“With Flutter, we believe we have a solution that gives you the best of both worlds: hardware-accelerated graphics and UI, powered by native ARM code, targeting both popular mobile operating systems,” read the posting on Google’s Developer Blog. “Flutter doesn’t replace the traditional Apple and Android app models for building mobile apps; instead, it’s an app engine that you can either embed into an existing app or use for an entirely new app.”
For the past year, ever since it unveiled the beta version of Flutter, Google has emphasized the platform’s supposed speed, thanks to its reliance on the hardware-accelerated Skia 2D graphics engine (which also drives Chrome and Android). “We architected Flutter to be able to support glitch-free, jank-free graphics at the native speed of your device,” added the blog posting. “Flutter code is powered by the world-class Dart platform, which enables compilation to native 32-bit and 64-bit ARM code for iOS and Android.”
For developers, Google has also introduced a feature called “stateful hot reload,” which sounds like something a video-game character can do to load up on ammunition. This feature allows developers to institute changes in their code, and see the results, without needing to restart the app. In theory, this speeds up the development cycle.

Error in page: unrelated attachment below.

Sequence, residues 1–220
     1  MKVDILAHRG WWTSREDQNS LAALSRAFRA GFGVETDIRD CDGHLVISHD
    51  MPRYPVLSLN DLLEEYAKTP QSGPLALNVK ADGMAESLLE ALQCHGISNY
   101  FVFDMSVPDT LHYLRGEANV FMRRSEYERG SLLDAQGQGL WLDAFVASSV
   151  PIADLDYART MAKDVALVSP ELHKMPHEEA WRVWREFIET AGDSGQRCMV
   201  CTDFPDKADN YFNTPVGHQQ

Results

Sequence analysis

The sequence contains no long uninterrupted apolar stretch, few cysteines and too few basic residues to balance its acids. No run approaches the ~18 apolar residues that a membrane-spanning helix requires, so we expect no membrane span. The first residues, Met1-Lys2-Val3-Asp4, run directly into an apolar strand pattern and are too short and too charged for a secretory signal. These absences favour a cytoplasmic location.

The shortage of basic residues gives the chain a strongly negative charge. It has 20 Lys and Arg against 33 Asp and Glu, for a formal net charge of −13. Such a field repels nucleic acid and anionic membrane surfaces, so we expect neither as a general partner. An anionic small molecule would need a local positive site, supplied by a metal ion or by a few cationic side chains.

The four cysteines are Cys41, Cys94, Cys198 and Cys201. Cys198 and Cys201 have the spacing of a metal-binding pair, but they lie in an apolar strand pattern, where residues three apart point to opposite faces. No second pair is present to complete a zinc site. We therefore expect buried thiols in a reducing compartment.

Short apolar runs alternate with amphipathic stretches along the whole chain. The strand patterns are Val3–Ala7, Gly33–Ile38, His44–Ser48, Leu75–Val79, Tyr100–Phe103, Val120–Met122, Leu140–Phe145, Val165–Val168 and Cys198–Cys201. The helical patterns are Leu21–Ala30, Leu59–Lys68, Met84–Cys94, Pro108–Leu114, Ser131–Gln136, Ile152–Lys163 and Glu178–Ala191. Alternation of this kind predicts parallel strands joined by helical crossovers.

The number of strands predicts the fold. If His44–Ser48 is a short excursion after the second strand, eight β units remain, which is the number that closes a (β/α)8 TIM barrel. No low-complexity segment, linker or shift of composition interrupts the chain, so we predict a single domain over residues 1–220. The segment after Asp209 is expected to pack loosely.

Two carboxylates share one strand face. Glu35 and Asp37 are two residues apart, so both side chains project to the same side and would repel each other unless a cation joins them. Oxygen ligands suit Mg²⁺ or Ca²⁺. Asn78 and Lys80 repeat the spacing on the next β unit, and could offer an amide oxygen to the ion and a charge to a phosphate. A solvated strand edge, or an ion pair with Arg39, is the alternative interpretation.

Since this year’s beta, Google has added more features, including support for Firebase services, boosted performance, and integration with Dart 2.1 (Google’s object-oriented, garbage-collecting programming language). There’s also tooling and documentation for updating existing mobile apps, in addition to creating new apps from scratch, because some developers will presumably engage Flutter to help with existing projects.
Over the past several months of development, Google has eaten its own dog food (so to speak) and used Flutter to develop and run internal apps such as Google Ads for iOS and Android. That’s a promising sign, but developers who want to use Flutter to build or modify their Android or iOS apps could run into some issues; for starters, Flutter won’t necessarily let them tap into native frameworks such as SpriteKit—Flutter-based apps will be performant, but not optimized. For some app-makers, though, just having a functional app could be a perfectly fine endpoint.